Mark D. Fulwiler (mfulwiler@earthlink.net)
Sat, 10 Jan 1998 17:14:08 -0700

(David A Musick) <davidmusick@juno.com> wrote:

> Subject: God
> Many extropians and other generally rational people label themselves
> "atheist", meaning that they don't believe in God. Some go even further
> and believe that there is no God. Many atheists seem to be against the
> concept of God in any form. I've noticed many times on this list that
> when the subject of God comes up, many atheists, in typical knee-jerk
> fashion, renounce the whole idea, even though the God concept is
> significantly different than standard God concepts. I doubt this
> rejection of all possible God concepts is rational.
> My belief is that unless a theory is logically inconsistent or disagrees
> with experiential evidence, then it cannot be rejected entirely. Of
> course, theories with much supporting evidence should be considered more
> applicable to reality than those with little or none. But there is no
> rational basis for *rejecting* a theory without sufficient evidence
> against it.
> There is a huge variety of God concepts. Probably the most familiar to
> those on this list are the Judeao-Christian God concepts. Many people,
> including atheists, have a hard time thinking about God without using
> these limited concepts. But there are countless other ways to invent God
> concepts.
> The idea that our universe was created by an intelligent being is very
> attractive to most people. Of course, that intelligent being could have
> many possible characteristics and motivations. Many atheists continue to
> use the tired argument, "if there is a God, why all the suffering?",
> without realizing that there is no connection between creating a universe
> and ensuring that no suffering occurs within that system. They have
> placed the unnecessary restriction that God must care about suffering and
> is able to do anything about it. That's also true for their arguments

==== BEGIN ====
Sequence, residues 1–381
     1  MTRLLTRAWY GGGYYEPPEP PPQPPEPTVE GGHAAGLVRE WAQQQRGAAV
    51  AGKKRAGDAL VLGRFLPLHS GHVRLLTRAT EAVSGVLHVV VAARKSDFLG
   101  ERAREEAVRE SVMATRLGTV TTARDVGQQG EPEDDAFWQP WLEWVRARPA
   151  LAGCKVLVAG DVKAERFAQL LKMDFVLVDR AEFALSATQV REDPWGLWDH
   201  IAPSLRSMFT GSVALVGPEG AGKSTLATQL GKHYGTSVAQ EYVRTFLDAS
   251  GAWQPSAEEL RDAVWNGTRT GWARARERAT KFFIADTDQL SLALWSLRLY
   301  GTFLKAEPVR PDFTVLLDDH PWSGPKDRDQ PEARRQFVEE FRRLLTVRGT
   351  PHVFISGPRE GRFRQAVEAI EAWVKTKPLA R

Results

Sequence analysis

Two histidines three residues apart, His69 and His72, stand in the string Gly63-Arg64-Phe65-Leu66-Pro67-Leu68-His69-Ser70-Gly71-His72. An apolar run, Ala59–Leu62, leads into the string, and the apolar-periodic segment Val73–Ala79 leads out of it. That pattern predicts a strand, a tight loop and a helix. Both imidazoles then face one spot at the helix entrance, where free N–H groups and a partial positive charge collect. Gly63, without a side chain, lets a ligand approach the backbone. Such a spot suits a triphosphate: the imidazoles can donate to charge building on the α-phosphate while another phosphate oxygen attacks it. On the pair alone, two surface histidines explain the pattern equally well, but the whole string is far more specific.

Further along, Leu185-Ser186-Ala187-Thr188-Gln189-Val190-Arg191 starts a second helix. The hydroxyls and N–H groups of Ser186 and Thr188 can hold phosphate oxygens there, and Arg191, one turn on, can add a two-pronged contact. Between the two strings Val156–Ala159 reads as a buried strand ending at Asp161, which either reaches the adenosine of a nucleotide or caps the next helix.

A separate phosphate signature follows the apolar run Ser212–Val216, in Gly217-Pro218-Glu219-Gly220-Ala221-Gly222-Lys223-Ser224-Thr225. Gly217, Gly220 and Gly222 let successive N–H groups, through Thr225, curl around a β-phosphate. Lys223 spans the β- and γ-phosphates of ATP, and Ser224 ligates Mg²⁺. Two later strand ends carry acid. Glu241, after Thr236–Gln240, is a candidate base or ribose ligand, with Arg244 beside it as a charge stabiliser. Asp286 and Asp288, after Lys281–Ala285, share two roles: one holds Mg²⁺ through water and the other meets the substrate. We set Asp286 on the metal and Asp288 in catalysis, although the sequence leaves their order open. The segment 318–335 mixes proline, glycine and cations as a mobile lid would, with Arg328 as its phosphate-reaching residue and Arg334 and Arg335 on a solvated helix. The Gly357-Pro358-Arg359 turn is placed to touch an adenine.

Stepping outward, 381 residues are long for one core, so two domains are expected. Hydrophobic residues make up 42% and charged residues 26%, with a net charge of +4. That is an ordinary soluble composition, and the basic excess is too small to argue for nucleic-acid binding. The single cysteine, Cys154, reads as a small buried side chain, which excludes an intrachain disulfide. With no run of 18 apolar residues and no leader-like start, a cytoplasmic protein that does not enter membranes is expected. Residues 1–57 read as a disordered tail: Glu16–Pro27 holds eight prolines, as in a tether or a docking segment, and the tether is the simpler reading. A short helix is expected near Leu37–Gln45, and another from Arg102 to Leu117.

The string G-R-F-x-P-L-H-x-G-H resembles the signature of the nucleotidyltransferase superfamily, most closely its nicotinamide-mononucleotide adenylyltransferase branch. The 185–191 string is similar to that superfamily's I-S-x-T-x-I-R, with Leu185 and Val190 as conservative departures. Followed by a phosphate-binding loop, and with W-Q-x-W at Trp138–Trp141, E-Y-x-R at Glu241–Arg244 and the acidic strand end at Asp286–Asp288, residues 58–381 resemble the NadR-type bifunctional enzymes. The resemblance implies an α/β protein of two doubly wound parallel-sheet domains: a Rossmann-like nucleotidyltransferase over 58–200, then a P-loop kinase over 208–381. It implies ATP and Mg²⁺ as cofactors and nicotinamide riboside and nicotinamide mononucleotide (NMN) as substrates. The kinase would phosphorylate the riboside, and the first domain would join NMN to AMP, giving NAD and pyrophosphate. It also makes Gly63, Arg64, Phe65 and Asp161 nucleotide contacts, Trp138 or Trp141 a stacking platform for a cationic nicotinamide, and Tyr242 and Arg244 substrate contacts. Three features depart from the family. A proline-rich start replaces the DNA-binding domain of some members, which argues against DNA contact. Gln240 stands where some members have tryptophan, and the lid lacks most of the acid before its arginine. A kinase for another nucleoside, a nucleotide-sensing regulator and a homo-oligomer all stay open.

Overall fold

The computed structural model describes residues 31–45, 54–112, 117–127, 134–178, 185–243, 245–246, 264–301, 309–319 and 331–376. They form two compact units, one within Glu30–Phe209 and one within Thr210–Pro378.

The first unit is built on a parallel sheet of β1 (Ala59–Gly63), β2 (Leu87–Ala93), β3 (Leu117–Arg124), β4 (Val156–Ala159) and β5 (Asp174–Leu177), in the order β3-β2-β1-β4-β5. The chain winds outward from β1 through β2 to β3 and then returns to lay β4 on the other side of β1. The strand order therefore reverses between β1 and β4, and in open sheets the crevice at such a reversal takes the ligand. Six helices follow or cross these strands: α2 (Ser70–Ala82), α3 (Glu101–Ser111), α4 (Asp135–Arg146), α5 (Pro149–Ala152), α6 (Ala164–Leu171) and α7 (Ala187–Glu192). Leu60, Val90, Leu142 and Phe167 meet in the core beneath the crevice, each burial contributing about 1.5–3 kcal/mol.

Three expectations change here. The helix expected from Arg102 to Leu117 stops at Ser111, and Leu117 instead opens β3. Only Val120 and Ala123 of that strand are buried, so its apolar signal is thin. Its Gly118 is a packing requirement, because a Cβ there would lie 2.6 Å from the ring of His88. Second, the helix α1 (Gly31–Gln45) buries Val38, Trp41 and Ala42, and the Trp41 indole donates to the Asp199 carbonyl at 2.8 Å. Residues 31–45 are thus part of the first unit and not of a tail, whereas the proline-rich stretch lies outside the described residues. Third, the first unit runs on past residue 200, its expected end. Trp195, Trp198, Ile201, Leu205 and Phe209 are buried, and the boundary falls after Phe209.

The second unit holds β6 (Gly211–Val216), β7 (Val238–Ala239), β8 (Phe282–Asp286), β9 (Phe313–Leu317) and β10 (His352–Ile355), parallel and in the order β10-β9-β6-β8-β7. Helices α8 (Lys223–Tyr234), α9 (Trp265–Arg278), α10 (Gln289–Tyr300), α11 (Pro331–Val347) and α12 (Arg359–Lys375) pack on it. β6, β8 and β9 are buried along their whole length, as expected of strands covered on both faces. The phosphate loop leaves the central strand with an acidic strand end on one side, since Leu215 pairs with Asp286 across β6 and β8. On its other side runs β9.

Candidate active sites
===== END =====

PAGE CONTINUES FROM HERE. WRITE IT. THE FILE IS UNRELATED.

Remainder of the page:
> regarding omnipotence or omniscience. *Some* people's Gods have those
> qualities, but not every God concept includes God being omnipotent and
> omniscient.
> When atheists state there is no God, they are making a very bold,
> unsupported claim, since there are so many possible variations on the God
> concept. I don't consider it rational to make such claims without any
> supporting evidence or logical proofs.
> Now, I'm not saying there is a God; I have no idea. But possibilities
> are possibilities until proven otherwise. I prefer not to close my mind
> prematurely on any subject. That way, I don't limit myself with my own
> mental fixations.

Most atheists base their atheism on the standard Judeo-Christian concept of God, which
is a logical impossibility.

But let's suppose you want to define "god" as some sort of intelligent being who created
the Universe. Yes, that is possible. However, there is not a shred of evidence for that
theory. I really don't have time to think about everything which might be possible. It
is possible that there may be a planet in the Universe made of green cheese. My mind is
not "closed" on any subject, but the burden of proof always lies with the person who
claims something is true.

Also, if there is some sort of "god", I'm really not interested in this entity unless
you can show me that he can do something useful for me at the present time.

Mark Fulwiler